CAPE MAY COURT HOUSE — Cape May County officials on Wednesday defended extending an agreement to help federal officers deport undocumented immigrants accused of crimes, even as the New Jersey Attorney General’s Office threatened to shut the program down.
“Cape May County does not want to be a sanctuary county,” Freeholder Director Gerald M. Thornton said in a news release Wednesday. “We fully support Sheriff Robert Nolan the same way we supported the previous Sheriff Gary Schaffer who introduced the program.”
Known as a 287(g) agreement, the program allows local officers to perform the functions of U.S. Immigration and Customs Enforcement officers. In Cape May County, three officers with the Sheriff’s Office assigned to the county jail participate in the program.
A spokesman for state Attorney General Gurbir Grewal said the county must follow state rules or Grewal’s office will issue a directive to stop it from participating as of Aug. 6.
The state requires local governments to provide extensive documentation on why a program is needed, including an analysis of the impact the agreement would have on law enforcement’s relationship with immigrant communities. Grewal’s office has said the county has not done that.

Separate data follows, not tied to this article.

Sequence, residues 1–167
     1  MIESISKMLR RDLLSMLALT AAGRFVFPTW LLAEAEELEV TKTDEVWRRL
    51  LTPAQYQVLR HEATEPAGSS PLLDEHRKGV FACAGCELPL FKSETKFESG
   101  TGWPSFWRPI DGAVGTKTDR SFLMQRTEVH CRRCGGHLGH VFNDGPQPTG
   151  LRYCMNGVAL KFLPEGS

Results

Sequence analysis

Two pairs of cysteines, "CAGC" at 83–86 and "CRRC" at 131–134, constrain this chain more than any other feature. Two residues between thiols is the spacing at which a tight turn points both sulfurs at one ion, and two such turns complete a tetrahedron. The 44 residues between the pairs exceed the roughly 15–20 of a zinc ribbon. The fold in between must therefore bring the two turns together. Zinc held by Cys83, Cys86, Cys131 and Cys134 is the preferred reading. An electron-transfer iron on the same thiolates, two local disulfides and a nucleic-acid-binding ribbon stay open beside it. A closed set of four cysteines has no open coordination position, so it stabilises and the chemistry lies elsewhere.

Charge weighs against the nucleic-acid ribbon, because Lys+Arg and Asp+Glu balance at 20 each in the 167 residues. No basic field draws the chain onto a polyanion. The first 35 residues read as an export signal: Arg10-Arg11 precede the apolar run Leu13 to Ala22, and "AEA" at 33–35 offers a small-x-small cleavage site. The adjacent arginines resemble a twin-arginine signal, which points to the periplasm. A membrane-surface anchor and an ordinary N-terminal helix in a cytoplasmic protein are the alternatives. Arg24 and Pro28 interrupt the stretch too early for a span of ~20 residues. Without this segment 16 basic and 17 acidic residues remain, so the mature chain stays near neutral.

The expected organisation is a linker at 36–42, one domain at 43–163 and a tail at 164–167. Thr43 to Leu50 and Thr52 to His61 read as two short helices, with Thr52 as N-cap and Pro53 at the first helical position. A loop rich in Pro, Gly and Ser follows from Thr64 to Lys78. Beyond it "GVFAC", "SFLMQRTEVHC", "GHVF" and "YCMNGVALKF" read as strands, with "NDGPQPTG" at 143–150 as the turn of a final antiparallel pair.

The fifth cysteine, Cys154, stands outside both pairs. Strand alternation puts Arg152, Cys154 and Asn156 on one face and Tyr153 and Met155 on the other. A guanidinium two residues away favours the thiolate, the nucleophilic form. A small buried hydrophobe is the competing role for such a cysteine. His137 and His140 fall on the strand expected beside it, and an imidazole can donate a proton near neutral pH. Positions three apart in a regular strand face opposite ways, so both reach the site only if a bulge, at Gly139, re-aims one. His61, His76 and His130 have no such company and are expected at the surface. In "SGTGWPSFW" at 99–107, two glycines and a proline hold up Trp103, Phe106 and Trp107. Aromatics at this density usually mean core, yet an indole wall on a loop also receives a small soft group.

The county’s news release said it “will address its next steps in due time.”
The county does not send officers into the community to round up undocumented residents, the statement said. It only helps deport those accused of crimes who end up in the county jail.
There is one person now on ICE detainer who was charged with aggravated sexual assault on a minor and endangering the welfare of a child, the county said.
“If the county were to sever its ties with the 287(g) program, an individual such as this could end up back on the streets of Cape May County following his or her prison term,” the county said. “The Cape May County sheriff, with the support of the Cape May County Freeholder Board, cannot accept this outcome.”
County spokesman Denis Brown would not release the person’s name who is on detainer, and Nolan was not available for interview.
“Due to the terms on the agreement with ICE, the Sheriff’s Department is not able to identify the individual,” Brown wrote. “At this time, we are not doing any further specific interviews on the matter. Once we have further developments, we will share them with you.”
The county said four people have been deported since the agreement with ICE first took effect in October 2017.
In November, Grewal issued the Immigrant Trust Directive, limiting the voluntary assistance local and county law enforcement can provide to federal immigration authorities.
Grewal has said people are far less likely to report a crime to police if they fear the officer may turn them over to ICE.
On April 30, Grewal outlined the extensive process any law-enforcement agency would need to undertake to enter or renew a 287(g) agreement.